Editorial: News from the BirdLife Partnership, September 2007
Welcome to this month’s BirdLife Editorial: an opportunity for us to summarise events and stories coming from BirdLife International - the world’s largest alliance of conservation organisations.
Books are powerful things, even more so if their contents contain the ingredients to put together a framework from which the conservation of all biodiversity stems. So it was rightly celebrated when both BSPB (BirdLife in Bulgaria) and SOR (Romania) this month launched brand new Important Bird Area (IBA) directories. (Bulgaria and Romania enrich EU through Important Bird Areas, 18 September 2007).
BirdLife’s Important Bird Areas are key sites for the conservation of birds and biodiversity; they are building blocks for conservation planning. Incredibly these newly designated IBAs from Bulgaria and Romania will add to a global IBA network numbering 8,000 strong, all mapped and documented in 178 countries and territories by BirdLife.
This month saw another good news IBA story: Brazil’s Atlantic Forest receives international support (11 October 2007). This exciting new project being undertaken by SAVE Brasil (BirdLife in Brazil) –focusing on one of South Americas most threatened IBAs- was thanks in part to efforts from the other side of the planet by BirdLife’s Asia Division – one of the many benefits of a global Partnership.
IBAs too are global, and are linked by the unifying criteria on which their designation depends. IBAs may be breeding sites, important foraging areas or crucial stopover points for birds on migration, a point underlined nicely this month (Godwit continues to rack up air-miles, 17 September).
After IBAs are designated, IBA protection is the crucial next step and BirdLife Partners continue to be committed to this. Over 60% of Africa's IBAs are wholly or partly included in official Protected Areas, and there is a similar statistic in Europe – the importance of which the European Commission, with long-term campaigning by BirdLife, looks to have finally convinced Poland on, for now. (Polish government backs down over road construction, 10 September).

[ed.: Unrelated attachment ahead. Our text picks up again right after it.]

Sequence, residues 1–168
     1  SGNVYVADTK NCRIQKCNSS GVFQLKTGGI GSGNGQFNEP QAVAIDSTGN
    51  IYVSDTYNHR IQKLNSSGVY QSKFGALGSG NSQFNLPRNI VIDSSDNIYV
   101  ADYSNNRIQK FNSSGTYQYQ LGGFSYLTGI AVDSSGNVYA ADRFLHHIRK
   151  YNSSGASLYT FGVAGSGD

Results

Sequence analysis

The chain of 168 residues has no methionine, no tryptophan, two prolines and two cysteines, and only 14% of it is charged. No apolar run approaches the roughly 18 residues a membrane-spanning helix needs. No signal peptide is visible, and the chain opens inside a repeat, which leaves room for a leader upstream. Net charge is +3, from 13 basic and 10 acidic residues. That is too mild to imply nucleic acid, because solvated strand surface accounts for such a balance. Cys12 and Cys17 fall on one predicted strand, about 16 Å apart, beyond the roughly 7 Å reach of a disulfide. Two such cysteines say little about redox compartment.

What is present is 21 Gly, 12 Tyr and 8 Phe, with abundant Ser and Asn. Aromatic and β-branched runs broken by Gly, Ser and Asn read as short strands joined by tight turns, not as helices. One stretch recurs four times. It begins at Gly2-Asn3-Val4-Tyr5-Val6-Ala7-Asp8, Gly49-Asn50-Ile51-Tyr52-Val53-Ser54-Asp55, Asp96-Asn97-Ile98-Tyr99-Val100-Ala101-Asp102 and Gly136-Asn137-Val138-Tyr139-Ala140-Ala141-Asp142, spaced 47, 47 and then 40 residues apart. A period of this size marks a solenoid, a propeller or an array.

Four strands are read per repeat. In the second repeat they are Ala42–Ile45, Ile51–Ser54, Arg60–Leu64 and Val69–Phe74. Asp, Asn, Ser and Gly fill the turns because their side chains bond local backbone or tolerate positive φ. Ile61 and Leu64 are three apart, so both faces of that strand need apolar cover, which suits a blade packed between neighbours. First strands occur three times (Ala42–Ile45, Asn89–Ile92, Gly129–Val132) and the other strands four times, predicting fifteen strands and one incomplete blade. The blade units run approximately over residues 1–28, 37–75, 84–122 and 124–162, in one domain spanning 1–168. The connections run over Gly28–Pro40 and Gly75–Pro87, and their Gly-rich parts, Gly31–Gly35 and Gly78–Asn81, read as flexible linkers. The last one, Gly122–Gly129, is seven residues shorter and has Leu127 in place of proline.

Sadly, news from Europe this month wasn’t all good. The EU’s decision to annul set-aside for 2008 –a rushed decision “likely to do real and immediate harm on the ground before the issue is thoroughly evaluated,”- was greeted with deep regret from BirdLife’s European Division. (Don't set aside set-aside, 14 September).
"...rewards spread through to other species, their habitats and the 'ecosystem services' these habitats provide."Important Bird Areas are often crucial for saving species -like Chinese Crested Tern- whose survival hangs on a knife edge, where breeding is concentrated into a few scattered sites (Alarm-call” for China’s rarest bird, 21 September). Fewer than 50 individual birds now remain – a truly shocking statistic that we hope can be reversed by specific actions undertaken through our Preventing Extinctions Programme. Of course recruiting BirdLife Species Champions is critical to the funding of this work (and news of latest companies and individuals who have generously stepped forward will follow in the near future…).
This support could also benefit another Critically Endangered bird, Chatham Albatross – twelve of which were found to have been drowned by a single longlining vessel in Chatham Rise. (Urgent call to action follows New Zealand albatross deaths, 20 September).
As has been said in previous monthly round-ups: effort and investment in conservation pays off – Example #1: More birds than ever face extinction – but success stories highlight way forward, (12 September) Example #2: With Birdfair's help, Rimatara Lorikeets return to the Cook Islands (27 September). And the rewards spread through to other species, their habitats and the ‘ecosystem services’ these habitats provide.
So here’s to more success as the next generation come through: Calling Future Conservationists (24 September). Over the years the Conservation Leadership Programme (CLP) has funded many projects from teams of young people, quite a number of which have contributed to IBAs and their future management.
Best of luck to entrants…
Jules Howard, BirdLife News Editor